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ESA all set to launch, test re-entry of its wingless space plane

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European Space Agency (ESA) has revealed its preparedness for the launch of its experimental “space plane” dubbed Intermediate eXperimental Vehicle (IXV) on Wednesday. ESA’s car-sized, wingless vessel is being tested for re-entry and could build a platform on which design of future reusable spacecraft are based on.

One of the major challenges in aerospace industry is the safe re-entry of spacecrafts – a challenge that has become all the more difficult after NASA’s Space Shuttle Columbia disintegrated in Earth`s atmosphere in February 2003, killing all seven crew.

Returning spacecrafts are slowed down as they enter Earth’s atmosphere due to friction, but this friction also causes the temperatures of the outside of the spacecraft to reach scorching levels.

Another problem is to do with the re-entry – if the angle is too steep the craft will burn up, and if its too shallow it may bounce off the atmosphere or pierce through, but completely miss its landing target.

ESA is looking to test all these conditions through its (IXV) when its launched on a Vega rocket from Kourou, French Guiana, 11 February 2015 at 13:00 GMT (14:00 CET).

“We are able to go (to space), we are able to stay in orbit, what we want to learn today is to close the loop, to return from orbit, and this is one of the most complex disciplines in space activity,” IXV programme manager Giorgio Tumino told AFP.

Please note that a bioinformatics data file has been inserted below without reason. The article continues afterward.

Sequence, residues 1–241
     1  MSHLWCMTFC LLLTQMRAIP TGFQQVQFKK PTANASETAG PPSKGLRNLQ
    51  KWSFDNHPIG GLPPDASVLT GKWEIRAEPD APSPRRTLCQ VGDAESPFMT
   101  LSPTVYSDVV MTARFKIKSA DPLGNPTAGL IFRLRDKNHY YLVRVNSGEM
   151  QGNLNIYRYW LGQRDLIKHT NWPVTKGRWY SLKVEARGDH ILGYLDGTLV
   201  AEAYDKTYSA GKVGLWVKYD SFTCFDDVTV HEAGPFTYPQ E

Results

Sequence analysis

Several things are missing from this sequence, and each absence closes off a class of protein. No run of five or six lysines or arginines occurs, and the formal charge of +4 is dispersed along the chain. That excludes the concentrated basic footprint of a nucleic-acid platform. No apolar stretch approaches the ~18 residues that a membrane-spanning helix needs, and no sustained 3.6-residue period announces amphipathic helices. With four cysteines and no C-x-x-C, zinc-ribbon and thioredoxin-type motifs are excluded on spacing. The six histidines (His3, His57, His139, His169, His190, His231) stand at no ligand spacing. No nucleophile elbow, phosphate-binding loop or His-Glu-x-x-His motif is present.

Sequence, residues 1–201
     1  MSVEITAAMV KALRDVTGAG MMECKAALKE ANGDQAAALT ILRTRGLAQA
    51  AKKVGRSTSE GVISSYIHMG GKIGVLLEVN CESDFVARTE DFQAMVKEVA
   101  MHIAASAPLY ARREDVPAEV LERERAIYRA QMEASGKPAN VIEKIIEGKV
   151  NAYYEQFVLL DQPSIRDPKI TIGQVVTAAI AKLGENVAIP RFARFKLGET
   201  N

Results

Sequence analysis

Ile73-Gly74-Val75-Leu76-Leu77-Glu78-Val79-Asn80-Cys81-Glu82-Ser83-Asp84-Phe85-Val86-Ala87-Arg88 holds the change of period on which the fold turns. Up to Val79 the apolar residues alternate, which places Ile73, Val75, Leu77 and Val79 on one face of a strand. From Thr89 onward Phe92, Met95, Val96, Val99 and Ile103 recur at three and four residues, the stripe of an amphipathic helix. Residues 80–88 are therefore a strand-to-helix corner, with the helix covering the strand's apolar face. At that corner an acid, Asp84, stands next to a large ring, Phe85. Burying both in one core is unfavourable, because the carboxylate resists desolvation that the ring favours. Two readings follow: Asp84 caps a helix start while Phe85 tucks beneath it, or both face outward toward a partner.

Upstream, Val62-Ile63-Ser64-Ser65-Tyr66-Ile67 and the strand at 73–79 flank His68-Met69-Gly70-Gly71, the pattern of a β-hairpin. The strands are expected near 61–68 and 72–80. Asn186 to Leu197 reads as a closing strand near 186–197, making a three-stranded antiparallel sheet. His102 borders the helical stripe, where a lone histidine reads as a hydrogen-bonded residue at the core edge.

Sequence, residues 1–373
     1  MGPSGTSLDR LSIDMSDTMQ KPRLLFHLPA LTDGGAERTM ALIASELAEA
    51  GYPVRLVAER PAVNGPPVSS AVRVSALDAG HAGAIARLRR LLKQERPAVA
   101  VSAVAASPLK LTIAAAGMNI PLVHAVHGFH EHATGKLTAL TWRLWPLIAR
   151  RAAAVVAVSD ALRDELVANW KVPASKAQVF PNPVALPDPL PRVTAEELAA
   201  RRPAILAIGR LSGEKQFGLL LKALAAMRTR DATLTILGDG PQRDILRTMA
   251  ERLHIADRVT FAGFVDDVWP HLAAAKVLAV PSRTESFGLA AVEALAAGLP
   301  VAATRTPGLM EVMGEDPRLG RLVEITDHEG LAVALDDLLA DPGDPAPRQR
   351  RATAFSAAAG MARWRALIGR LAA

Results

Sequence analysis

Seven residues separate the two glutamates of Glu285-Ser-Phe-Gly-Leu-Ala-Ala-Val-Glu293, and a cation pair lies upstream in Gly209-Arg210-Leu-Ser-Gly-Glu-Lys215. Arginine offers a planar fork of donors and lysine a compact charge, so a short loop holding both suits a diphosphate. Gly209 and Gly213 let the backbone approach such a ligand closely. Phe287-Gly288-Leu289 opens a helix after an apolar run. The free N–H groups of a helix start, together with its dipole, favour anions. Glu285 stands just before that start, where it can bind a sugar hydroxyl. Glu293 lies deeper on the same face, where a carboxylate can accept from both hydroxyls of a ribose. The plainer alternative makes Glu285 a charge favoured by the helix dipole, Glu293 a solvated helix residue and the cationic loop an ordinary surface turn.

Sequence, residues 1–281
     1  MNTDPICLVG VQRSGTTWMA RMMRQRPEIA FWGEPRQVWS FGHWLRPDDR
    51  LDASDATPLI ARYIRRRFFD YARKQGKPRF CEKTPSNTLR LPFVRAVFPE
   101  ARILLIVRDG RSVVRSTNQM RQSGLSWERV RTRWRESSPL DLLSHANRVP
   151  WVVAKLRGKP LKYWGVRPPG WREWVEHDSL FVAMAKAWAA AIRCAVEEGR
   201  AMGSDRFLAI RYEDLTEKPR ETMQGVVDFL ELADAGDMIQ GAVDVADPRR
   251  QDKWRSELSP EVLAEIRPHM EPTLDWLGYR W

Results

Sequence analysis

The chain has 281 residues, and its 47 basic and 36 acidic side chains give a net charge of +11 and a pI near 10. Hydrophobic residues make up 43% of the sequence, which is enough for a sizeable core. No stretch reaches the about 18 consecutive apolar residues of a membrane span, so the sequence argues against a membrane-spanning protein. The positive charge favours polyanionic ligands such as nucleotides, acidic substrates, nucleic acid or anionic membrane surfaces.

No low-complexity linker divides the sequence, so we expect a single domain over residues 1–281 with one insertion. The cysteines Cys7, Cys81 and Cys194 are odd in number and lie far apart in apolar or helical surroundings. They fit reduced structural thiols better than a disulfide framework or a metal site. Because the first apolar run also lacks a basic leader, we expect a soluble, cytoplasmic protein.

The spacecraft will fly fully autonomously, and will be closely monitored from its Mission Control Centre located at the Advanced Logistics Technology Engineering Centre in Turin, Italy. Signals from the spacecraft will be tracked by two ground stations in Africa and by an antenna on the recovery ship, Nos Aries, ESA said in a press release.

IXV Artist's view

One of the key features of the IXV is its innovative body shape, which according to designers will balance reliability with manoeuvrability. IXV’s design is kind of a mash-up of current flat-bottomed captures landing with parachutes and NASA’s retired winged Space Shuttle. It has an aerodynamic shape that creates the lift needed to fly, but without wings — called a “lifting body”.

Four thrusters and two hind steering flaps will stabilise and angle the craft, while ceramic thermal protection panels will shield it from temperatures up to 1,700 degrees Celsius (3,092 degrees Fahrenheit) on reentry — hot enough to melt metal.

After separation from Vega at about 340 km altitude 18 minutes into flight, it will coast up to a maximum height of about 420 km. Next, it will begin reentry, recording data from a large number of conventional and advanced sensors.

The entry speed of 27,000 km/h (7.5 km/s) creates the same conditions as those for a vehicle returning from low orbit. It will navigate through the atmosphere within its reentry corridor before descending, slowed by a multistage parachute, for a safe splashdown in the Pacific Ocean some 100 minutes after liftoff.

“The IXV mission will test cutting-edge system and technology aspects to provide Europe with an independent reentry capability, and a building block for reusable space transportation systems,” said an ESA statement.

Mastering autonomous return from orbit and soft landing will open a new chapter, ESA added. “Since NASA retired its Space Shuttle, Russia`s Soyuz is the only spacecraft that can ferry astronauts to and from the orbiting International Space Station. Private company Space X`s Dragon is the only reentry cargo craft.”